- Review their overall financial picture to ensure they’re mitigating the risks that can severely impact their plans. Well beyond investment performance, adverse health or life events can derail financial well-being. Make sure they don’t lose sight of this because of heightened noise surrounding the markets.
- And remind clients that despite market uncertainty, if they keep making regular contributions to their savings and retirement plans, ideally through automatic payroll contributions, they won’t have to worry about market volatility as much. They’ll know regular contributions toward, for example, a registered retirement savings plan or tax-free savings account will lead to sound dollar cost averaging. In other words, down markets aren’t all bad news; they present opportunities!
Resources — for explaining economic activity and easing anxieties
- See Sadiq’s Market updates and more news and commentary.
- At the new Welcome to the Bright Side website, you can show your clients the benefits of being invested, diversified and balanced.
- If you have questions or would like to discuss wealth strategies, please contact a member of the Sun Life Wealth sales team.
You might also like…
- How to make the leap from RRSPs to investment growth, retirement income and legacy planning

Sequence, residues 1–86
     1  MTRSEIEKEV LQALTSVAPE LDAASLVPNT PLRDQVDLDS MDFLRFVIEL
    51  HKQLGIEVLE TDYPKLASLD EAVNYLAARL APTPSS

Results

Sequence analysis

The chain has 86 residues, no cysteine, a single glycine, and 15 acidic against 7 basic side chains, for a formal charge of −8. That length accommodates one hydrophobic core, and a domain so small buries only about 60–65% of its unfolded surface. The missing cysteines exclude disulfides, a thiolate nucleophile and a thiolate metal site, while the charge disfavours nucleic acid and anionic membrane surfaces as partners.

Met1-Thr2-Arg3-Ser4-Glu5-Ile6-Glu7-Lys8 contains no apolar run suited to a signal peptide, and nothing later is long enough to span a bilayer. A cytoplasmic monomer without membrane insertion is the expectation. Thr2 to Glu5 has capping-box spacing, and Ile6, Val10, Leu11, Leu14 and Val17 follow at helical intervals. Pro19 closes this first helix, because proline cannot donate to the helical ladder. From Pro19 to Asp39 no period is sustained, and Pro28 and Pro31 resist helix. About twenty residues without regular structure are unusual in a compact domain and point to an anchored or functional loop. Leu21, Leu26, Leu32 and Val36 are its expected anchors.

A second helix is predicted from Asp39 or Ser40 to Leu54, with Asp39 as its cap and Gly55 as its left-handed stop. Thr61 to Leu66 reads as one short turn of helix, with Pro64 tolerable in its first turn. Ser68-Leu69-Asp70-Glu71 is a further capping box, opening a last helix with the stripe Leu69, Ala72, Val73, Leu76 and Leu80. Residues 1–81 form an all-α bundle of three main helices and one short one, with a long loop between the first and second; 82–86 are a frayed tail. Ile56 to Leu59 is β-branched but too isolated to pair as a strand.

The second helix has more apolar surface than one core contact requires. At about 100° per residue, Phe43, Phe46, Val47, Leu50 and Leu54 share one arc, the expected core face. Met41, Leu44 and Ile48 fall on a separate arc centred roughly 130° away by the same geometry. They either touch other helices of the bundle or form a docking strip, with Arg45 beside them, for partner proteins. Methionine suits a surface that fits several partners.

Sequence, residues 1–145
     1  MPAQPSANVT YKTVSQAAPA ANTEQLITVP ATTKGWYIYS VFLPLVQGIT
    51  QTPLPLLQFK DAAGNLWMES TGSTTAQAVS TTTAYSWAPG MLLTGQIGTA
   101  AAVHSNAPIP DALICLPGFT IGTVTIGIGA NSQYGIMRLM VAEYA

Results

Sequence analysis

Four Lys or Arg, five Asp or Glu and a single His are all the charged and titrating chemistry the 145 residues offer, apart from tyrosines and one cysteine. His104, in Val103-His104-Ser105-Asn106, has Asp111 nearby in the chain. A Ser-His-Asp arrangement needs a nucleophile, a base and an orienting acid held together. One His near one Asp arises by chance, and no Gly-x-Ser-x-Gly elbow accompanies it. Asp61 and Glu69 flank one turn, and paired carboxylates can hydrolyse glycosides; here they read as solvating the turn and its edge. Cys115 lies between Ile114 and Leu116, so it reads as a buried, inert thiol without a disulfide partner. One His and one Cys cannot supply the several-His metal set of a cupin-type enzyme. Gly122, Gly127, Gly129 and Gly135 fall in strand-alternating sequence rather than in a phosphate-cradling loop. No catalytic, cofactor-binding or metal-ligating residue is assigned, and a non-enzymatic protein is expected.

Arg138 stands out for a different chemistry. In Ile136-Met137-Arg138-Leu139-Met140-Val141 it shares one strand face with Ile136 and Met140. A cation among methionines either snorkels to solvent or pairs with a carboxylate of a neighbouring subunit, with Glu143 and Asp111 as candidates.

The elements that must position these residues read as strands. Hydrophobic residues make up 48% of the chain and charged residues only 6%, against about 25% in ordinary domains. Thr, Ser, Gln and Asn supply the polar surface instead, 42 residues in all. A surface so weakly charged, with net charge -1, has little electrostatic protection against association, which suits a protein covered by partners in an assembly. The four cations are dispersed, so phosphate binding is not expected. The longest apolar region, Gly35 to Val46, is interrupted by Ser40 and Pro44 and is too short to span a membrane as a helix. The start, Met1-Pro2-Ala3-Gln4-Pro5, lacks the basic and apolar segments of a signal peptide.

- How to keep emotions out of investing — especially during RRSP season
1 Survey from early January 2016, commissioned by the Globe and Mail.
2 Statistics Canada, December 2015
Rocco Taglioni, Senior Vice-President, Head of Distribution, Individual Insurance and Wealth, is responsible for the overall leadership of Sun Life Financial’s distribution organizations across its Retail business in Canada. His role encompasses the leadership of the distribution company, as President Sun Life Financial Distributors Inc., as well as the Insurance and Wealth wholesaling sales organizations. Through the various leadership teams he oversees the development, direction, and execution of the Distribution strategies centered on wealth management, protection, retirement, and estate and financial planning.
Since joining Sun Life in 2004, Rocco has held various executive leadership roles, including Vice-President Business Development, Group Benefits; Head of Individual Wealth Management; Senior-Vice-President, Client Solutions; and most recently Senior Vice-President, Distribution and Marketing, Individual Insurance and Wealth. Throughout his tenure at Sun Life, Rocco has led various business strategies centered on building, transforming, and evolving organizations and teams to drive higher levels of performance and success.
Rocco has 36 years of experience in strategic leadership in the insurance and investment industries. He has served on and is a member of a number of boards. Rocco is currently President and Chair, Sun Life Financial Distributors (Canada) Inc. and is a member of the Sun Life Financial Investment Services (Canada) Inc. board. He is a member of various industry associations, including Advocis, GAMA Canada, the Canadian Pension and Benefits Institute, and the Association of Canadian Pension Management.
Rocco holds a Bachelor of Arts in Economics from York University.